I’ll admit that my relationship with Android got off to a rocky start. My first smartphone was a Samsung Galaxy S Continuum, and it was so horrible that I bought an iPhone the instant my contract was up. Though my initial experience with Android was terrible, there’s no question that it’s improved by leaps and bounds over the years. I’ve experienced the awesome side of Google’s mobile OS firsthand in the form of the 2012 Nexus 7 tablet, which I received as a gift soon after its release. Since then, I’ve used it as an e-reader, gaming device, web browser, and more. In the process I’ve discovered a few useful Android related tips and tricks, some of which I’ve listed below!
While Android can do much more than iOS, it requires more horsepower and user finagling to run smoothly. You can’t do much about upgrading your smartphone or tablet’s processor (barring a new purchase), but you can take the time to optimize what you have. Much like a PC, Android devices need to be tuned up now and again. There are several apps that can assist you in this, like All-In-One Toolbox. Even without that app though, you can do stuff like deleting old, unused apps, removing widgets you don’t use, and ending unnecessary processes on your own. To do that last one (the concept of which is much like ending processes through control + alt + delete on a PC), go to settings, apps, running, and manually end anything taking up too much RAM memory.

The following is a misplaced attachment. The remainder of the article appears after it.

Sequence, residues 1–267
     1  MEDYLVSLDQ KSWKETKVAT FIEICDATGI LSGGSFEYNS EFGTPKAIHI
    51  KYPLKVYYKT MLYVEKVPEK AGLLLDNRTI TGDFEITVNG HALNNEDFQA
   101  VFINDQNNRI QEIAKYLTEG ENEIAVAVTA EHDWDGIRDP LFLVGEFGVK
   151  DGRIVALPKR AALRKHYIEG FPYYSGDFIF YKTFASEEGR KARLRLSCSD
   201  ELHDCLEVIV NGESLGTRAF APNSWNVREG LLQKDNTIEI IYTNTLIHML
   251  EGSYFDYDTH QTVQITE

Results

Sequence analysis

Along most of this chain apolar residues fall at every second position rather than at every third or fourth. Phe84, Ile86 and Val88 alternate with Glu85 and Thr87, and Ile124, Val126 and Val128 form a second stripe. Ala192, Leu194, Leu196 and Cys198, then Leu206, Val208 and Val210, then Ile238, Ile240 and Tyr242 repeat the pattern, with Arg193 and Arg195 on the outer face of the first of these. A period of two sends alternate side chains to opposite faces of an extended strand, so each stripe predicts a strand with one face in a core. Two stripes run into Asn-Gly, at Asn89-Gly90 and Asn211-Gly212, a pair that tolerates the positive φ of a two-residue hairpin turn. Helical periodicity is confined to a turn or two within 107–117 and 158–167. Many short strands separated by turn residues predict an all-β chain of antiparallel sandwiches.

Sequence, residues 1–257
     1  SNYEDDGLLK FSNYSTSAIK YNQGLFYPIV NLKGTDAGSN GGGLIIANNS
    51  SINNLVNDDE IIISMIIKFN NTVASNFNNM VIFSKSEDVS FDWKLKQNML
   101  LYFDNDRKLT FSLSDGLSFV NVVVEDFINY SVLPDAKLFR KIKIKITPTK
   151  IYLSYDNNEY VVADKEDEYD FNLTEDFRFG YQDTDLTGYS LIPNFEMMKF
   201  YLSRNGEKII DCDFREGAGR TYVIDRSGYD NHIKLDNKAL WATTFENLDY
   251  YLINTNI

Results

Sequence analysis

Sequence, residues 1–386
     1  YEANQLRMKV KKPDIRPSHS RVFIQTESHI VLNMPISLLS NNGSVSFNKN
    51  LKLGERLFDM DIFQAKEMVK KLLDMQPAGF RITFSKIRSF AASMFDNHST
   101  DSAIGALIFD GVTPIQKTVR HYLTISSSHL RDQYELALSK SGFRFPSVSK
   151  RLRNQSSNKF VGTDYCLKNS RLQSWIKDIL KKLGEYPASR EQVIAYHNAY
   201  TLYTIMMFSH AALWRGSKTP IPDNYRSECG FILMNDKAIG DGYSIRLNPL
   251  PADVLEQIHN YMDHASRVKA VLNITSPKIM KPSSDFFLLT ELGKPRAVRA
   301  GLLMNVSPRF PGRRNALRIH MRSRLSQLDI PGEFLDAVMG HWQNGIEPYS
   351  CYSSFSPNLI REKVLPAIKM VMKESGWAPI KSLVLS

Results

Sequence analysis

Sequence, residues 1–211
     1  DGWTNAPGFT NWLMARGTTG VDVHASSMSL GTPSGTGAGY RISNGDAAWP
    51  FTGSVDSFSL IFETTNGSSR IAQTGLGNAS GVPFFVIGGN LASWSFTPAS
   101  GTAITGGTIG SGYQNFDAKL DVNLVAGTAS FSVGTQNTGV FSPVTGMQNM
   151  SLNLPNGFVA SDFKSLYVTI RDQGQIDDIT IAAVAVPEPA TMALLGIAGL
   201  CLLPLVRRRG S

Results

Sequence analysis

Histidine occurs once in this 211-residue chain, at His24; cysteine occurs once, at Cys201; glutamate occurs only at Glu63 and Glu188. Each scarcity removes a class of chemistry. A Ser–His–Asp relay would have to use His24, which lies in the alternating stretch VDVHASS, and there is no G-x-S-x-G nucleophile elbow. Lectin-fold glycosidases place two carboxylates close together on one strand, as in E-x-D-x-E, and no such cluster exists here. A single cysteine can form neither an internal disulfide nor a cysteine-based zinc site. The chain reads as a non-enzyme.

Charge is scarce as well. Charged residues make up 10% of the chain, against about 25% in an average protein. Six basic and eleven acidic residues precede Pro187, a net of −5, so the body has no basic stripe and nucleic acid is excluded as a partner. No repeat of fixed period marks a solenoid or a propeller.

I can’t tell you how many times I’ve used someone’s Android phone, only to see that they’ve configured it so that their homescreen is full of app icons, much like an iPhone. That’s great and all, but if you want streamlined and simple, Apple’s products do it better. You might as well go crazy if you have an Android device! This means using your homescreen for cool widgets, search bars, etc. To find all the widgets you have, go to your apps page, then select widgets at the top. You might be surprised by how many interesting options are available to you…
There’s no surefire way to guarantee you’ll ever see your phone or tablet again if you leave it out in public by accident. That being said, you can improve the chances of it being returned to you by editing your security settings. Go to settings, then security, then owner info. There you’ll see a little box where you can type in contact information that will show up on your lockscreen. This will make it easier for a good Samaritan to return a lost device to its rightful owner.
OK, so this tip isn’t quite as universal as it used to be since many Android manufacturers like HTC are taking a page out of Apple’s book and disallowing you from swapping batteries. Still, this will work if you own a Samsung device, which most Android users have. It’s pretty simple: if you buy multiple batteries, charge them up, and store them in your backpack or briefcase, you can ensure that your phone will never run out of power. All you’ll have to do is take out your battery when it’s dead and swap in a new one. This way, you won’t have to rely on wall sockets, which is useful if you travel a lot.